A transition in the Swedish milk market took place in late 2011 when the dairy giant Arla acquired Milko, reaching an almost monopolistic state. The Swedish Competition Authority required Arla to sell one of its recently acquired dairy plants, purchased from the country’s largest grocery retailer Coop. The company pledged to use the plant to sell its own private label milk for 5 percent lower than competitors, starting a private label milk frenzy with companies trying to outdo each other in price points. Due to this competition, Euromonitor expects private label milk sales to increase by 20 percent by the end of 2013.
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As both McDonald’s and Panera prepare to take their restaurant brands to the coffee aisle in US grocery stores, Euromonitor Beverages Analyst Jonas Feliciano discusses whether chained foodservice players have any advantage in this fast growing category and the impact that these moves will have on the beverages industry as a whole.
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Part One - Analysis
Part Two - Taste Test
Virginia Lee, Senior Research Analyst and Chris Schmidt, Consumer Health Industry Analyst discuss the recent push by milk processors to consider chocolate milk as a post-workout beverage. With products like DYNAMOO The Mobile Milk by Agropur Inc. Division Natrel USA, milk manufacturers hope to tackle the category dominated by protein drinks such as Muscle Milk. The Milk Processor Education Program (MilkPEP) has been actively advertising chocolate milk with ads featuring athletes such as Carmelo Anthony, Dara Torres, and Hines Ward. Lee and Schmidt discuss the effectiveness of the push and try out DYNAMOO.Watch Part One on Youtube
Presentation Time: 13:10 - 14:20
Location: Tokyo, Japan
Title of Presentation: Global Trends in Mineral Water
Presentation Content: The session will educate the audience on global trends in mineral water and how the Japan is positioned in the global market. The session will also discuss the competitive environment and delve into growth prospects within the industry.
For more information: http://minekyo.net/
Comparative performance of low/non-alcoholic beer against total beer sales shows a mixed result amongst the top, mature markets. The relatively low base of the low/non-alcoholic beer category partially explains its performance, especially in countries such as Japan, UK, and Canada, where maturity of demand has only become evident in recent years. However, the underlying growth drivers, that stimulate demand, work in a different manner. In the context of the US and Germany, we see a level of company-driven demand stimulants that have revived the market, but in the past this had been temporary.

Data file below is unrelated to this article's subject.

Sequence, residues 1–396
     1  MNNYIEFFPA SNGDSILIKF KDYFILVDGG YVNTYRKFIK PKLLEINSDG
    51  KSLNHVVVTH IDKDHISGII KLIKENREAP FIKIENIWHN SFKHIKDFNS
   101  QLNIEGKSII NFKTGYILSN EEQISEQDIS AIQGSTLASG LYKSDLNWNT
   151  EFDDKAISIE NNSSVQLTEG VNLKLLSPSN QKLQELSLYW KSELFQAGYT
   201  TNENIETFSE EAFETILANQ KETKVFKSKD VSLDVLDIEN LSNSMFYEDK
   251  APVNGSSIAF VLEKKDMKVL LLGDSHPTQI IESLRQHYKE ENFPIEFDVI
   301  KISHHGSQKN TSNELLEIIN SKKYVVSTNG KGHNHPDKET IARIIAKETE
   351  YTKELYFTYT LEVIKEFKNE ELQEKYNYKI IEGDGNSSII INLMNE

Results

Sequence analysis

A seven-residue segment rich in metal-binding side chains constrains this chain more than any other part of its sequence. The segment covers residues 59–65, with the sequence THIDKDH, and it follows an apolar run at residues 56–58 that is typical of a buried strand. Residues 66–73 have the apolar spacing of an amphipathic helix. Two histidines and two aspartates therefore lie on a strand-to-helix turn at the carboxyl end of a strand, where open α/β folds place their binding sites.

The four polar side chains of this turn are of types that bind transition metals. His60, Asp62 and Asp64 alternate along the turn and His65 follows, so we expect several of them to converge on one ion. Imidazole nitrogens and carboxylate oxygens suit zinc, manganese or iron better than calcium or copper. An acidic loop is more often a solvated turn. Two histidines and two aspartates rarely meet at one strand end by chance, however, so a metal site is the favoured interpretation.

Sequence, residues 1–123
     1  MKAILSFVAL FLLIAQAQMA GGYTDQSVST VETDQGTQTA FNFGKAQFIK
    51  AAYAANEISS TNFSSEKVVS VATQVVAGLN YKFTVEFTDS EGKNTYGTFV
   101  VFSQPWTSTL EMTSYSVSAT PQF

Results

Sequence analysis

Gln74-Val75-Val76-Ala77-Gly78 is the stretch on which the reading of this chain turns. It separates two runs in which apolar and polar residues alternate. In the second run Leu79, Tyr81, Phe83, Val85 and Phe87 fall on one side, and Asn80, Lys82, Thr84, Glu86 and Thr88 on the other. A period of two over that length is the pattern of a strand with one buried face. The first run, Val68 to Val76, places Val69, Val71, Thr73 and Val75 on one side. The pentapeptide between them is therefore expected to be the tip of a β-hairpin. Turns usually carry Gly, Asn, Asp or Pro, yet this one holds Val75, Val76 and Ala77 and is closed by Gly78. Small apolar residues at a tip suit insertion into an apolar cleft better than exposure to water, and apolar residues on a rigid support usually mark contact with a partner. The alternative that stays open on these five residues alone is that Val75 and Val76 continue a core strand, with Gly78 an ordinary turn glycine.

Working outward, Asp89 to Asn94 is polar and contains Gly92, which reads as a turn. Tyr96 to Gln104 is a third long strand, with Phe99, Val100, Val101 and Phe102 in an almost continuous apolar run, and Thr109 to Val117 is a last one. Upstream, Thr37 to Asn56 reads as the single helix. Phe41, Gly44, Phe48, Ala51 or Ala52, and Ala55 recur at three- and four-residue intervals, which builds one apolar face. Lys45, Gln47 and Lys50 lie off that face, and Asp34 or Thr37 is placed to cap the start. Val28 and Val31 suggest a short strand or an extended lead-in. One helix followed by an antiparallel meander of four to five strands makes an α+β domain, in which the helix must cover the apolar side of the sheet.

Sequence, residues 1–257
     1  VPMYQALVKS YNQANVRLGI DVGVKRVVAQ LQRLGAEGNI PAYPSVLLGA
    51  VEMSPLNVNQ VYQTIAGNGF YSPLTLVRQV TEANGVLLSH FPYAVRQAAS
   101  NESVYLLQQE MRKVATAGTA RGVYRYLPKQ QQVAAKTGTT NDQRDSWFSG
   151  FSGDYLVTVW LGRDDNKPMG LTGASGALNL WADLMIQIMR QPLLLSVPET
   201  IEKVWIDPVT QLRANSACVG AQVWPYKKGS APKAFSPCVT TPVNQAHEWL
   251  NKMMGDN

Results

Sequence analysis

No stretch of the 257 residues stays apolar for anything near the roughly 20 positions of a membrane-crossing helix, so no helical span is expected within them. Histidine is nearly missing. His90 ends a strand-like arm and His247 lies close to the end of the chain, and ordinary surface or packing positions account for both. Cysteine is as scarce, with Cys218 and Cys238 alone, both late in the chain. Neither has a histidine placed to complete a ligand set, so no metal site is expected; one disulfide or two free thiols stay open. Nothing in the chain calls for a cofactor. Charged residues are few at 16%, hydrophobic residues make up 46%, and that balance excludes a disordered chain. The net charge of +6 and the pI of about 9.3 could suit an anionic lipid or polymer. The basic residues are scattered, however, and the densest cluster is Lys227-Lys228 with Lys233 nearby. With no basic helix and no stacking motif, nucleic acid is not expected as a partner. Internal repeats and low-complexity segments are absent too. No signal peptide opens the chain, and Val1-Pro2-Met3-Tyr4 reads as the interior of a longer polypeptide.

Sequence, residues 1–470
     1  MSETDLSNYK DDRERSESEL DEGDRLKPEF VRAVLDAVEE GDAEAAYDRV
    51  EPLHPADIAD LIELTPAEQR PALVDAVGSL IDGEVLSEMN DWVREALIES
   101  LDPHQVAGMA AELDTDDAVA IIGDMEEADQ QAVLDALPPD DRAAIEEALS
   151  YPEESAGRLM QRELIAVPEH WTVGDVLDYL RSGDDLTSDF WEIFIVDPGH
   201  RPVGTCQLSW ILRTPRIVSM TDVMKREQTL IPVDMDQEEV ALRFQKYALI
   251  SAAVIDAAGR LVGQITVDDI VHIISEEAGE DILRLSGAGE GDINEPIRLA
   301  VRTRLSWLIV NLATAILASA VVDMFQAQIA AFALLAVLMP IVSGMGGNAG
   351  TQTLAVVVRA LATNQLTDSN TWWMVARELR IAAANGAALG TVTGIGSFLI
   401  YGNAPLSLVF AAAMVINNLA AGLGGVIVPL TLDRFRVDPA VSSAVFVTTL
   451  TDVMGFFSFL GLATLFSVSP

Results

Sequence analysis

When it comes to beverages, particularly fizzy drinks such as beer and carbonates, the glass bottle is generally perceived as delivering a high-quality consumer experience. In 2013, metal packaging manufacturers seem to have taken this as their main challenge, coming up with various innovations which aim to not only enhance the experience of drinking from a metal beverage can but also generally improve the perception of this packaging format. Euromonitor International’s latest beverage packaging research, which has just been published, reveals how this has paid off, with beverage can volumes growing by 1.9% in 2012, three percentage points higher than forecast in our last edition.
New taxes were recently passed in Mexico in response to the country named as the world’s most obese nation. These taxes, which affect sodas and junk food, aim to curb the obesity rate. Soft drink manufactures are concerned with the tax as Mexico is Latin America’s largest market for soda, with diet soda having no strong foothold in the country. Jonas Feliciano, Beverages Industry Analyst at Euromonitor states that although US consumers may be concerned with a potential loss of Mexican-manufactured Coke, soft drink manufacturers have larger concerns with initial Euromonitor forecasts showing a 3 percent decline of soda sales in the country.
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Euromonitor International highlights that globally, low/non-alcoholic beer is the fastest growing category of the past five years, with a 7% volume CAGR, although off a low base. This category is driven by its key markets that are predominantly present in the MEA region, with a 35% volume share. Growth rates declined in 2013, but the category potential remains strong and two distinct strategies for development have emerged.
A Soft Drink Option: Saudi Arabia’s Case
When it comes to non-alcoholic beer in the Middle East and North Africa (MENA) region product positioning and consumer perception of this category have a uniquely dissimilar dynamic to the rest of the world. The cultural context in this region is the key determinant of product positioning and consumer perception of non-alcoholic beer. In predominantly Muslim countries such as Iran and Saudi Arabia, in order to avoid the alcohol connotation, ‘non-alcoholic beers’ are not positioned as such. Any reference to these products’ alcohol content, even if miniscule, can deter consumers from buying them and even retailers from selling them, as they would be considered non-halal, or non-abiding to Islamic law. So the actions of companies in the MENA region in recent years have pushed a promotional campaign that is changing the identity of this category.
The Mexican soft drinks industry has been reeling this week following the new budget proposed by the Peña Nieto administration, including, among other reforms, a US$0.08/litre (Mx$1/litre) tax on "sugary" drinks. While taxes on soft drinks have been proposed and rejected in the past, this resolution is expected to pass in mid-November due to strong backing from the administration.